Wednesday, September 22, 2010

How to Make a Very Personalized Banner for Your Vendor Tent

Before you know it, Saturday will be here and I will be vending my jewelry creations at a festival.  I wanted a new banner that celebrates some of my newest creations to help invite people into my booth.  I could have designed it on the computer and sent it to a sign shop to be printed, but there really wasn't enough time, and I thought I would like it better if I made it myself.

I wanted a fairly big sign and I wanted it to be cloth because of weight concerns, but how to make it?  I went to Michael's and looked at their artist canvas but you can only buy the unstretched canvas in a big roll and I might never use the rest of it.  Then I thought about stretched canvasses, and I even looked at foam core board and gesso board.  Then I decided to think outside of the box and I went next door to the Ross Store and looked in the table dressing section where I found just the thing!  A table runner with a cotton lining!  Why is this perfect, you may ask? 

While I was at Michael's I also looked at lettering.  Since I was in kind of a hurry, I decided that stencils were out and I should really look at adhesive backed lettering.  I had found the perfect thing for fabric--iron-on letters in a three inch height.  But to use them I would have to have fabric that would hold up to a fairly hot iron temperature.  This cotton lining, which became the face of my banner, was the perfect fit.  And the velvet tapestry front, which would become the back, was dressy enough for me to want to turn over the points on either end to further embellish the banner.  Also luckily for me, it was Tuesday and buyers of a certain age get a discount on Tuesday at Ross!

So back to Michael's to pick up the letteres and home to see what I could find on the computer to complete the banner design.  I had some tee shirt transfers for dark fabric which would make it easy to add my art work to the banner.  One of my old banners had a beautiful blue fairy that came from royalty free clip art and I thought about using her again because she has a very nice magic wand with which to bless all the jewelry! 

The next step was to select photos of my jewelry that were compatible with the burgundy colored banner and the black lettering.  I decided on my silvery Green Man pendant and the Venus in the Garden pendant since the colors were similar and since they depict nature deities, they are fitting for the tone of the festival. 
I printed out the photos and cut them out.  It took several printings to get the size I wanted before I was ready to use the tee shirt transfers.  In the process, I decided against the blue fairy and instead selected the new Green and Silver on Copper with Lapis and Quartz Points Magic Wand to complete the tableau.  My photo editing software has a function that adds fireworks to a photo and one of these had just the perfect amount of sparkle for a magic wand!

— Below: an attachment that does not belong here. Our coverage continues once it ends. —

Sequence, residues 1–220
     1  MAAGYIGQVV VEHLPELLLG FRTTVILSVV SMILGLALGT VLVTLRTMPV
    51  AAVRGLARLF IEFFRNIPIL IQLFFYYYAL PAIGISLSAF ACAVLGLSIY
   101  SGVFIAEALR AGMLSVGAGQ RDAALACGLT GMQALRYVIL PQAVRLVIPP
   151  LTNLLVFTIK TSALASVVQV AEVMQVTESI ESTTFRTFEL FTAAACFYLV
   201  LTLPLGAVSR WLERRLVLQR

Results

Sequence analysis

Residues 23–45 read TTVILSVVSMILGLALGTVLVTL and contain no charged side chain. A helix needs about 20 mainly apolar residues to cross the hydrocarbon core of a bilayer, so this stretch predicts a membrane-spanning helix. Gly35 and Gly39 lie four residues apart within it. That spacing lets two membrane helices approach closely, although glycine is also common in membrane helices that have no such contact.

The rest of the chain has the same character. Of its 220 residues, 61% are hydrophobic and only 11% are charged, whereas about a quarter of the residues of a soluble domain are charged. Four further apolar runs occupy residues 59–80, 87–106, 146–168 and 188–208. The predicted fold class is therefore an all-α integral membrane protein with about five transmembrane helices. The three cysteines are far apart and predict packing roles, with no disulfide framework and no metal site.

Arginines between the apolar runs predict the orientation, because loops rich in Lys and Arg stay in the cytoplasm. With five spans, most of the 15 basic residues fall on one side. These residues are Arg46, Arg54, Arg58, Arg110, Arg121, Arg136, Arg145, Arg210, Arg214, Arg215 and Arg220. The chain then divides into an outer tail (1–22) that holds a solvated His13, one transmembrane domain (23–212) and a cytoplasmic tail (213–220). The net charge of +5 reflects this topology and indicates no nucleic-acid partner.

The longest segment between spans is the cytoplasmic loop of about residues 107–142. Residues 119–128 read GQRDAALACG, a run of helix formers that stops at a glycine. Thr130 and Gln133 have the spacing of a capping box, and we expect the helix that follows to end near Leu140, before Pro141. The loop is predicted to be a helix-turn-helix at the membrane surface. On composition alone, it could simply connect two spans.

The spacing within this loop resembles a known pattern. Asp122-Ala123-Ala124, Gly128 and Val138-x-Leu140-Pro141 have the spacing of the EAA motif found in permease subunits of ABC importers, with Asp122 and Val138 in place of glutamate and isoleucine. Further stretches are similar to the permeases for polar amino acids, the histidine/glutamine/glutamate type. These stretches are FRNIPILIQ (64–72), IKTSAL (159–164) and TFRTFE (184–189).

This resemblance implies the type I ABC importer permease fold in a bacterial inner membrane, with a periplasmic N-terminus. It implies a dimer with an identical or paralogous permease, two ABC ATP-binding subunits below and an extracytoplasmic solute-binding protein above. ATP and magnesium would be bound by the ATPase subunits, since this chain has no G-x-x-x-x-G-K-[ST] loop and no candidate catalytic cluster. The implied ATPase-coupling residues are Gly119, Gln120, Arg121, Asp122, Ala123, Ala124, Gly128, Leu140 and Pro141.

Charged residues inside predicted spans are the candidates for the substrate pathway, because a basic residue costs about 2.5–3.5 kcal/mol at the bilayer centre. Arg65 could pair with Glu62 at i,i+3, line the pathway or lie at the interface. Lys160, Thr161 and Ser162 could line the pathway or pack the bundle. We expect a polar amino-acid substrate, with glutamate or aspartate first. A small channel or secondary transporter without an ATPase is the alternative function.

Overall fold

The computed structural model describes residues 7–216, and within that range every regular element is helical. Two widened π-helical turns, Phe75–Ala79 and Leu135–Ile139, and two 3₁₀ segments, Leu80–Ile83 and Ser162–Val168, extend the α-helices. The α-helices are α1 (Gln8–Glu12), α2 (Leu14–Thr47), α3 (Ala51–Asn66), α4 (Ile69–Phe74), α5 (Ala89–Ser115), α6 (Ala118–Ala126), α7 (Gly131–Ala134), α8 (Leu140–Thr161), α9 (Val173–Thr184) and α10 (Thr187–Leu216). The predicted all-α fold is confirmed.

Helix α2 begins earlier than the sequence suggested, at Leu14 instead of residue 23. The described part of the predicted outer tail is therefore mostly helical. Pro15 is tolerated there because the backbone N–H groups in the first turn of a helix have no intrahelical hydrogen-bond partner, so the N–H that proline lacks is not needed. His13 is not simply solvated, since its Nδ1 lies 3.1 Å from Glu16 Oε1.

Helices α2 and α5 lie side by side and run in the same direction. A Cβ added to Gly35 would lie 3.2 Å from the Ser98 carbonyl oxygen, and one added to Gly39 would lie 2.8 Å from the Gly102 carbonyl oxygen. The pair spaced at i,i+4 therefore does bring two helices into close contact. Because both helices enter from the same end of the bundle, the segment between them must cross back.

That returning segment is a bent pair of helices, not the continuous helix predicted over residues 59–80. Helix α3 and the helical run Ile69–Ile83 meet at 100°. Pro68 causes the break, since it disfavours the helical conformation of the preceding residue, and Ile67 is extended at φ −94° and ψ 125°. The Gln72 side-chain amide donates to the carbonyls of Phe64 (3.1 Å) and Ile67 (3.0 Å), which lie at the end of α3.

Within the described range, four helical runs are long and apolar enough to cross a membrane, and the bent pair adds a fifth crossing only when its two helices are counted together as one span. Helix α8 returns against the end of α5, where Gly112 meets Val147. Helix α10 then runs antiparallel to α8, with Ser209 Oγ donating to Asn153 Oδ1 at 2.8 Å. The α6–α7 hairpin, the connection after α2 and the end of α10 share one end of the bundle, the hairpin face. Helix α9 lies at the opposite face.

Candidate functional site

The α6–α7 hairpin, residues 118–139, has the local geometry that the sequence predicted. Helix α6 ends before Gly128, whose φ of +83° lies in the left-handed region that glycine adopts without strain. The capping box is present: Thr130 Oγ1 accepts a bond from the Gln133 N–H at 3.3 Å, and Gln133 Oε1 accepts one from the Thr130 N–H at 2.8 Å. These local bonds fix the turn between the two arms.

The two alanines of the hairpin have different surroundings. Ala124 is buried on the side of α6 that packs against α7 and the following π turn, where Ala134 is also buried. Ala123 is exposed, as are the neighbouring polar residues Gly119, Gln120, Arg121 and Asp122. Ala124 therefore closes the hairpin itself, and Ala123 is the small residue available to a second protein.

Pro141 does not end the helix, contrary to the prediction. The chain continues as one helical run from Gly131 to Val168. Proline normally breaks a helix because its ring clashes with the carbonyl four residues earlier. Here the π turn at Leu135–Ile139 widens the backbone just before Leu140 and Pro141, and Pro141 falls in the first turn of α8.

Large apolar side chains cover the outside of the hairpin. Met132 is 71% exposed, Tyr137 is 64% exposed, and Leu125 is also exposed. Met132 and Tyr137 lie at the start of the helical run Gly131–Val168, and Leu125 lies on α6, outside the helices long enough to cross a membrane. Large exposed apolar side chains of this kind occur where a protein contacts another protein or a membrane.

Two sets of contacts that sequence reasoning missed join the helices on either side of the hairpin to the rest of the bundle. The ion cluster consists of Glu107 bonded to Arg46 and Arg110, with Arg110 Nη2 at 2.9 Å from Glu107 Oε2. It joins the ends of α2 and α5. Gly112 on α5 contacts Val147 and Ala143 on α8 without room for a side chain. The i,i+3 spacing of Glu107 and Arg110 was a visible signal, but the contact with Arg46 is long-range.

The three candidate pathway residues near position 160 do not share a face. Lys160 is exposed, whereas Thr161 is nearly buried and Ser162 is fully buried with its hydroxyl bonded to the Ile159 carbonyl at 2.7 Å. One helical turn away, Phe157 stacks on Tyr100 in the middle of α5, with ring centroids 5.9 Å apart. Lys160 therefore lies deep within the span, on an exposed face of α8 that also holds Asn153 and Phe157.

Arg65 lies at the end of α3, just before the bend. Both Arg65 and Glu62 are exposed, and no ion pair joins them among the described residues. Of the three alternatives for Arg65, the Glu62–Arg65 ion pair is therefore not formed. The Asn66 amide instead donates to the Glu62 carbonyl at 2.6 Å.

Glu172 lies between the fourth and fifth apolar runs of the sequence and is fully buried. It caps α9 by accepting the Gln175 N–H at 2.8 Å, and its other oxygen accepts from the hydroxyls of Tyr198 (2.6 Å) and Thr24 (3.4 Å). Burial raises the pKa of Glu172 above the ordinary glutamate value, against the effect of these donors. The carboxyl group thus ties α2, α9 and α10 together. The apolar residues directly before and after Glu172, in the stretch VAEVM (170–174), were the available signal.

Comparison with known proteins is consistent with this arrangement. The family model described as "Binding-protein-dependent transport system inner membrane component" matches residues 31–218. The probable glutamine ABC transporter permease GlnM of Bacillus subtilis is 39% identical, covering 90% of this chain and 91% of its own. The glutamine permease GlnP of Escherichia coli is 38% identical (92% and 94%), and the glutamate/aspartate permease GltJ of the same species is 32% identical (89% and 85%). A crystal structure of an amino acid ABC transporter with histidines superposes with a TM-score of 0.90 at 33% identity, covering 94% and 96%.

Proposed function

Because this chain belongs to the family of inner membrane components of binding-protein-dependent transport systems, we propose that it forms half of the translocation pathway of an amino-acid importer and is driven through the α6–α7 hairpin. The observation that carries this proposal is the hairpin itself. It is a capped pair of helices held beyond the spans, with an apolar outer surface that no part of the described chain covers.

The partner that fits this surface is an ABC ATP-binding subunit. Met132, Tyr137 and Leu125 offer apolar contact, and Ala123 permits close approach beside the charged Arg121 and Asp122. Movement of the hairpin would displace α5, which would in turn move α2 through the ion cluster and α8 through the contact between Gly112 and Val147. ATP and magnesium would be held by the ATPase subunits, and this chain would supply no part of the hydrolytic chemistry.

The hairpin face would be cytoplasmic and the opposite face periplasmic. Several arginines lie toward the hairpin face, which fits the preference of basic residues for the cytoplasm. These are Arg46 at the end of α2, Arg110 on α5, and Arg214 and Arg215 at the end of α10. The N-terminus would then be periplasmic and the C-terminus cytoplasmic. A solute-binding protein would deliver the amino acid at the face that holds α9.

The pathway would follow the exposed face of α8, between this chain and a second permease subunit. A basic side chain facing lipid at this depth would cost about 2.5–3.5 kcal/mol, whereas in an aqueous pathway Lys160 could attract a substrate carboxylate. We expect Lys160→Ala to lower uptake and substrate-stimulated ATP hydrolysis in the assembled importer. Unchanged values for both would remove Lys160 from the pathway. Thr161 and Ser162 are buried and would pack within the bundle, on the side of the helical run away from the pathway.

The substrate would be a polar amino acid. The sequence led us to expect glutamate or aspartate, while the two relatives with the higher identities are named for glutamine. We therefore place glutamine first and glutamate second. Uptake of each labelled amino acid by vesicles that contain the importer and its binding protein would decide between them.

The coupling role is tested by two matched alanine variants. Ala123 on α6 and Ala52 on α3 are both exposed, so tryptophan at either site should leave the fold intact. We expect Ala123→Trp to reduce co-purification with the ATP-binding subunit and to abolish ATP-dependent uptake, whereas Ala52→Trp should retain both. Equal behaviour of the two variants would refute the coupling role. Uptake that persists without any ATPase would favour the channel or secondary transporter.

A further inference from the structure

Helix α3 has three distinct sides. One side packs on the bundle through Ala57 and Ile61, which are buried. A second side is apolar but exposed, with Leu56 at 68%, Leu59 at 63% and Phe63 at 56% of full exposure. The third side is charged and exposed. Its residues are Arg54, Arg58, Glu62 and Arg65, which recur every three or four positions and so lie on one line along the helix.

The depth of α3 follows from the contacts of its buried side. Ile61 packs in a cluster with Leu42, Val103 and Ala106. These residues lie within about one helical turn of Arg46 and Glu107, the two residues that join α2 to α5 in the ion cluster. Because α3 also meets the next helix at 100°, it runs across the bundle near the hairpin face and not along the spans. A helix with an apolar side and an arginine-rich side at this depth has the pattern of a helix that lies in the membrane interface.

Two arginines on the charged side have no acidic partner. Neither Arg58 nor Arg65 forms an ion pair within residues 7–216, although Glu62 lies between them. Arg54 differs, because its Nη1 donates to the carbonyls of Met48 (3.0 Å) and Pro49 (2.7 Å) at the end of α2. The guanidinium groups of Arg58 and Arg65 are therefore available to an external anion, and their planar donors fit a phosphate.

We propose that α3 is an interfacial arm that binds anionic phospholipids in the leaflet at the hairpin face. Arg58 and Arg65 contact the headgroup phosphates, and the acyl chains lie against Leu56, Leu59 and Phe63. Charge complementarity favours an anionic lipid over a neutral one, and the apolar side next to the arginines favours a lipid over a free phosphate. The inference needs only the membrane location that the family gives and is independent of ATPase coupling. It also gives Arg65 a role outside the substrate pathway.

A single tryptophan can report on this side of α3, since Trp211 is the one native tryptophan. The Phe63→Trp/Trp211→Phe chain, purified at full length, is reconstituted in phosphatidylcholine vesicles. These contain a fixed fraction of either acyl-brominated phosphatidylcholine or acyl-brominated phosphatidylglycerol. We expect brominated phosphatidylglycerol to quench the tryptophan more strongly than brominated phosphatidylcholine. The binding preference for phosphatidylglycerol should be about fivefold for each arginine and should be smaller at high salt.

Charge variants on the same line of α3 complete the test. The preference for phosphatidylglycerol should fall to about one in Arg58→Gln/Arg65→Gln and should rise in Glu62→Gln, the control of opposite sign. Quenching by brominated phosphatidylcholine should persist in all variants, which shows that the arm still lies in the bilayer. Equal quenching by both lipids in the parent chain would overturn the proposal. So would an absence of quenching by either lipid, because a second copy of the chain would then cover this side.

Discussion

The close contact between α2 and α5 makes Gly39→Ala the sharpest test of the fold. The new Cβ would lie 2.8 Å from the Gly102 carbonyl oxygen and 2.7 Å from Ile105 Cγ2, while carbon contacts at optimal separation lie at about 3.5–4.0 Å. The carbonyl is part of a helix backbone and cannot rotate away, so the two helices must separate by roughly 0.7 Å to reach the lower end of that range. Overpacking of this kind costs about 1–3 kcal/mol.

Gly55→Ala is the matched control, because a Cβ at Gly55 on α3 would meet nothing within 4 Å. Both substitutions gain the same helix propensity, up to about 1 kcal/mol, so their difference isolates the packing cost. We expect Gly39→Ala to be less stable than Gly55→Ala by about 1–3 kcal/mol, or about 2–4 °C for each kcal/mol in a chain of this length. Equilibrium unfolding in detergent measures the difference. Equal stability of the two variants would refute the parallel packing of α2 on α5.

Next came the measuring!  The banner was seventy-two inches wide and eleven inches deep, so I measured off the area that I planned to embellish, and decided on a margin for the top of the lettering.  Using a yellow colored pencil, I marked off all the lines and starting and ending points for the lettering and drew around the photos of artwork so that when I began to iron, there would be no questions as to placement.  I ironed on the letters first, because they required the wool setting whereas the tee shirt transfers required the cotton setting of the iron.  I followed the instructions that came with both products and everything woked out perfectly. 

After it was all completed, I felt that the banner needed a little something more to make it stand out.  The black letters against the burgundy background were pretty but needed some contrast, so I edged them in silver leaf pen.  I decided to use the same treatment for the jewelry pieces.  The silver leafing added just the right amount of contrast so that the banner was instantly more readable.

Now for the hangers!  I went to Jo Ann Store to look for grommets so that the banner could be tied to the tent, but while I was there, I went back to the drapery department and found a solution that I liked even better.  There were metal rings with clips attached. It occurred to me that I could attach two of these rings together so that one end clipped to the banner and the other end clipped to the tent roof and it would be non-invasive, meaning I didn't have to cut any holes in the banner, and the left over rings could be attached to the bottom of the banner as weights.  Having worked with fabric art in the past, I had already learned the importance of weights when your design is going to be swinging in the breeze!   I got two sets of ten rings, added some very large multi-colored aluminum rings from the bead department for connectors, and returned home to put them together.  I used 7 sets of two rings and clips with the multicolored rings as connectors across the top, which left six rings to hang from the bottom as weights.

This banner did not come cheap!  The adhesive letters and the metal rings were $35, the table runner was about $6, and the metal rings cost $3 and the tee shirt transfer was probably $5, so all in all, I spent $49, but I got exactly the banner I wanted, very personalized and with no worries it being ready in time for the show. 

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